What Neutralizes the Odor of Stagnant Water?

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Algae is the green soupy material found in lakes and ponds.

Odor in stagnant water kept outside occurs because of algae growth and decomposition. Algae is a photosynthetic organism, which means it requires sunlight to grow and reproduce. Reducing algae in your water, and thereby reducing odor in stagnant water, means adding a chemical that will kill the algae or storing it in the shade to prevent algae blooms.


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Keep the Water Moving

If you can possibly not have your water standing stagnant, do so. Not only will moving water reduce algae growth and odor, but it will also prevent mosquito larvae from hatching on the water surface. Stagnant water should be avoided wherever possible as it is a source of illness and provides a place for disease vectors to reproduce.

Algae Killer

Adding chemical algae killer, which can be purchased from your local home supply store or pond market, will neutralize any algae growing in your water, which will substantially reduce the amount of odor emanating from stagnant water, but care will still have to be taken to filter or screen the water to remove debris that will otherwise decompose and cause a methane smell.


Pond Dye

Another method of reducing algae growth and smell in stagnant water is to buy pond dye, which dyes your water a color that eliminates the spectrum of sunlight required for algae to grow and reproduce. Pond dye is environmentally friendly and will not harm any organisms living in the stagnant water, which may or may not be a positive as it will also do nothing for mosquito and other insect larvae hatching in your water.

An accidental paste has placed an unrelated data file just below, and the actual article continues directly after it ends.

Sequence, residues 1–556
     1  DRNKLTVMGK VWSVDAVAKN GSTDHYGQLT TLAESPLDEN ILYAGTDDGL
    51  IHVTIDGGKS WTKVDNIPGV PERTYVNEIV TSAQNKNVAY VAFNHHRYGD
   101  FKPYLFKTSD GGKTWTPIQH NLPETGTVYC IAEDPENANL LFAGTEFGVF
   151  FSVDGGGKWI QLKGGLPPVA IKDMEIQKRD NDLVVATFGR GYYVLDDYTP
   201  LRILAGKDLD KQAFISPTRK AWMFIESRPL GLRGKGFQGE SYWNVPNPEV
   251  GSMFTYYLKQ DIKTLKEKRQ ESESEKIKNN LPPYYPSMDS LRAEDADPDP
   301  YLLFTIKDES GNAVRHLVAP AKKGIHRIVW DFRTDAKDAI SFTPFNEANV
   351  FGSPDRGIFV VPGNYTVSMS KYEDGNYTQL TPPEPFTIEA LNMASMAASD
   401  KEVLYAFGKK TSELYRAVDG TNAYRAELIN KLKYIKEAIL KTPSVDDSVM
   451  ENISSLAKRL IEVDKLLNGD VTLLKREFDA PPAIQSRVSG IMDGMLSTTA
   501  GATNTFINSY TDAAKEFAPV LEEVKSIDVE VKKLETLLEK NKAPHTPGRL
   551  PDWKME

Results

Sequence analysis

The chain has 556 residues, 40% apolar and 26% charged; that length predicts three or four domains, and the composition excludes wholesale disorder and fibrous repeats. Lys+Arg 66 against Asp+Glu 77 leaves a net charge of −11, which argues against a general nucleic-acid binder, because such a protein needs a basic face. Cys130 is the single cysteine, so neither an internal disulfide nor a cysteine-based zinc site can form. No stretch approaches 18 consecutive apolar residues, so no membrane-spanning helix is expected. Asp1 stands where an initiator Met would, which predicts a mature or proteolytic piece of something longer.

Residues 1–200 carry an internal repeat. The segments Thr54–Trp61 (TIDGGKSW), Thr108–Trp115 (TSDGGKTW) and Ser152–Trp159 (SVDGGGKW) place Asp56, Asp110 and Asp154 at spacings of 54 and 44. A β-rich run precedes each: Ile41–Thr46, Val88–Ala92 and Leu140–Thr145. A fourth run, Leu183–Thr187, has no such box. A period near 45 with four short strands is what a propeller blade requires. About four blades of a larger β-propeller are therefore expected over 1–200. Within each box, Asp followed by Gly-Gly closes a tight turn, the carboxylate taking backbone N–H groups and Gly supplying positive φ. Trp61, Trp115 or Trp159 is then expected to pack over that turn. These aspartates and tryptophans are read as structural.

Airtight Containment

Wherever possible, sealing your stagnant water in a container or placing a lid over the source of the stagnant water will do a world of good with regards to odor. Algae cannot grow in an oxygen-free environment, and whatever small amount of growth there may be will be curtailed by the lack of sunlight. Furthermore, the odor will not escape the container. This is a feasible solution to odor emanating from a relatively small container, such as a rain barrel, but not larger water sources such as drainage ditches and flooded areas.



Andrew Leahey

Andrew Leahey has been a writer since 1999, covering topics as varied as technology how-to guides and the politics of genetically modified organisms to African food supplies. He is pursuing his J.D. while renovating an 1887 farmhouse located in the New Jersey Pine Barrens.